The Art of One Tab

We need to embrace a new meditative form of Internet zen.

Nearly everyone I know has a tab problem — windows open with a million little pages scrunched across the top of their screen.

Some are worse than others, and it’s not really anybody’s fault. It’s really damn easy to lose your focus when you’re on the Internet. Every word of interest in most articles you’ll read will be hyperlinked out, taking you somewhere new, to another thought thread. It seems interesting. You keep the window open, not wanting to lose the opportunity of potentially valuable information to the vastness of the web.

But then you lose the value of focusing at all.

My grandmother always used to tell me that a clean space meant for a clear mind, and that advice seamlessly translates to our modern day workspaces — our computers and laptops.

Our modern minds are melding more and more into machine; we rely on the external hard drives and clouds more than ever for quick information, easily accessible from our fingertips. But when we crowd our desktops with tabs and pages of information, how can we think at all?

When I see particularly clogged screens, they’re usually a reflection of the mind of the user in front of it: distracted, and prone to anxiety.

How many applications, browsers and pages do you have open right now?

How many of them are you actually using at this exact moment?

Can you finish reading this until the end, without jumping elsewhere, to check your messages or Facebook or Twitter stream?

Clearing your screen down to the pages or programs you’re actually using right now — in the moment — is a form of meditation.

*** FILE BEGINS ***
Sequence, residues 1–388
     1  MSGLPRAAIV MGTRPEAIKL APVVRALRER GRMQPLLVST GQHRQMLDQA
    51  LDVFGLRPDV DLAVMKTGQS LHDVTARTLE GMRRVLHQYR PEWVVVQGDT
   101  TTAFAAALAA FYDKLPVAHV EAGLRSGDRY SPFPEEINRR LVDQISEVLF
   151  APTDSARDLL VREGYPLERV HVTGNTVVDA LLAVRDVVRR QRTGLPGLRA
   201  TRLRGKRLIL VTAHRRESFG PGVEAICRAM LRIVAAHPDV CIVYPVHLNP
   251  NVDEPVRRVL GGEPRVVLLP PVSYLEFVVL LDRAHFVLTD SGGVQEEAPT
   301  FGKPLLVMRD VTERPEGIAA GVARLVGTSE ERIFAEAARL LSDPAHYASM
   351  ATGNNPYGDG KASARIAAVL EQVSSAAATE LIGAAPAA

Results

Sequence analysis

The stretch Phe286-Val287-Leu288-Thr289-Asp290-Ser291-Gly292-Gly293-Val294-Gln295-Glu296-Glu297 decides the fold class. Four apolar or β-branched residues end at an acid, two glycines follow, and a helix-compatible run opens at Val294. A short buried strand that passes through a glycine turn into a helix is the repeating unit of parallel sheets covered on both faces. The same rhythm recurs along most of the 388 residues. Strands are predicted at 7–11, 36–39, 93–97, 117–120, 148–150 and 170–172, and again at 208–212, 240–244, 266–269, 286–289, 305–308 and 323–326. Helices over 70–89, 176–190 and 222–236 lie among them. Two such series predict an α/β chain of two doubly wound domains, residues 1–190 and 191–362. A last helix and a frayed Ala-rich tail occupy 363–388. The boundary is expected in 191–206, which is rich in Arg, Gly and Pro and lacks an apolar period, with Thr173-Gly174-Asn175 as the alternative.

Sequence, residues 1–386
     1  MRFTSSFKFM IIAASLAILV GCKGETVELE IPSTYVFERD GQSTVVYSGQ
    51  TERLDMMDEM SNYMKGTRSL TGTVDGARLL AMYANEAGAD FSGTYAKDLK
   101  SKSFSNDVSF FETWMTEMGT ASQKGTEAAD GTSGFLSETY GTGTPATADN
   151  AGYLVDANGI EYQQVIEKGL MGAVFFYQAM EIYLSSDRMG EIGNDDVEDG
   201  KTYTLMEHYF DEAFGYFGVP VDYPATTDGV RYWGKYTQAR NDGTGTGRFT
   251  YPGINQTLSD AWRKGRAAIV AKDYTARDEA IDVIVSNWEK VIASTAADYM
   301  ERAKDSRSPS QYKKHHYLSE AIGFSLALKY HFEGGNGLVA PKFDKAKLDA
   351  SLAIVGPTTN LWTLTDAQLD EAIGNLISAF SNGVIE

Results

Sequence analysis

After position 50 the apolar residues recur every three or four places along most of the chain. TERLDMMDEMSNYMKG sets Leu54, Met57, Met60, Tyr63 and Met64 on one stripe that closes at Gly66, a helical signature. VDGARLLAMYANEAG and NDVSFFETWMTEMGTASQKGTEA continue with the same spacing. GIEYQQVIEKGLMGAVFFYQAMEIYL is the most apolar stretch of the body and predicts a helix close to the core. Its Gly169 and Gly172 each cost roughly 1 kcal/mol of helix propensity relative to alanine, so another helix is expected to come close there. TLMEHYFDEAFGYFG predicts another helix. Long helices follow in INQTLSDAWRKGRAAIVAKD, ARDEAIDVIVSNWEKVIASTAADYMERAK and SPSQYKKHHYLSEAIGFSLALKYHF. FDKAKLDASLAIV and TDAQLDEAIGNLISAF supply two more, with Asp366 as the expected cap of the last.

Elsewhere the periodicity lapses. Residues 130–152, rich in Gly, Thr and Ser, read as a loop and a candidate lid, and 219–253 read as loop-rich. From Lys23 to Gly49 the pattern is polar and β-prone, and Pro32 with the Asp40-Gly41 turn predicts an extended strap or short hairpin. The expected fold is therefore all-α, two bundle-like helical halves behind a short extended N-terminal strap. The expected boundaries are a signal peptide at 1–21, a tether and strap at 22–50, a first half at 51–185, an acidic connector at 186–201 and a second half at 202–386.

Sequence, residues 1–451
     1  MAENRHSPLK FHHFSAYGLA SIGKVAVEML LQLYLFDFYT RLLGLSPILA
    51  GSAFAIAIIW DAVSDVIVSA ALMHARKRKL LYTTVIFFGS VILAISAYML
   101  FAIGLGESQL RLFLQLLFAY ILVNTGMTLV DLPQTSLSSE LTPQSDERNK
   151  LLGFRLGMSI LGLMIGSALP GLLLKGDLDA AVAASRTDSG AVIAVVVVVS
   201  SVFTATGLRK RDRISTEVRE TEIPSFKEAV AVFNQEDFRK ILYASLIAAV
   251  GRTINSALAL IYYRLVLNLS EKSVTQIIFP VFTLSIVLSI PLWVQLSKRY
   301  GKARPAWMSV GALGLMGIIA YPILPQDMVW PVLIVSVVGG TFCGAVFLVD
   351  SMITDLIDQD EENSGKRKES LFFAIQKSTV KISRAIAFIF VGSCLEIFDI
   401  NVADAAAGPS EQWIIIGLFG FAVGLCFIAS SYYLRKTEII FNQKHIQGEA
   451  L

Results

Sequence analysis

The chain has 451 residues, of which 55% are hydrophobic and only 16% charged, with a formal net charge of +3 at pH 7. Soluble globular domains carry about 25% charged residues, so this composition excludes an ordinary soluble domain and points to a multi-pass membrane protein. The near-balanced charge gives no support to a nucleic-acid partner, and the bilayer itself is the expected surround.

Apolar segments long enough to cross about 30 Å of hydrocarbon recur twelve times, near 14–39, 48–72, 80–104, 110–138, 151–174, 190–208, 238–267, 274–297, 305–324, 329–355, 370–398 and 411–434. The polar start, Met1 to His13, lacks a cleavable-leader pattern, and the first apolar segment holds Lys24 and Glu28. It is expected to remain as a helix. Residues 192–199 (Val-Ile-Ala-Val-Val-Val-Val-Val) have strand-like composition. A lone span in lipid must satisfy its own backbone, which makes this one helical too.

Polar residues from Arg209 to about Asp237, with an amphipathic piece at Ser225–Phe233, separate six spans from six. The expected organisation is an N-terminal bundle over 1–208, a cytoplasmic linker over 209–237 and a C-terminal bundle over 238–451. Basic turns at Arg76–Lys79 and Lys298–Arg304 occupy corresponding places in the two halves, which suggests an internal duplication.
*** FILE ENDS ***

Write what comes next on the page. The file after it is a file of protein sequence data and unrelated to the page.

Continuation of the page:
It can be difficult to let go. Most people, including myself, who first start meditating find it hard to stop the endless stream of thoughts, worries and analysis that whirr around their heads. They find it difficult to sit still, to let thoughts pass by and to just concentrate on breathing — a single, focused act.

Since I’ve started meditating daily, I find myself more focused and calm. Creative and productive. I try to encourage others to try it as much as possible, in whatever form possible. The meditative state can be carried into our all aspects of our lives.

I’ve been wanting to write this since the idea struck me two weeks ago, when looking at my own screen filled with ten tabs after reprimanding a friend who had three browsers open and at least thirty tabs open. I average on about eight to ten on any given day, and the original title for this piece was called “The Art of Eight Tabs Or Less.”.

But as I write this now, and near the end — I only have one open. This window. And it feels great.

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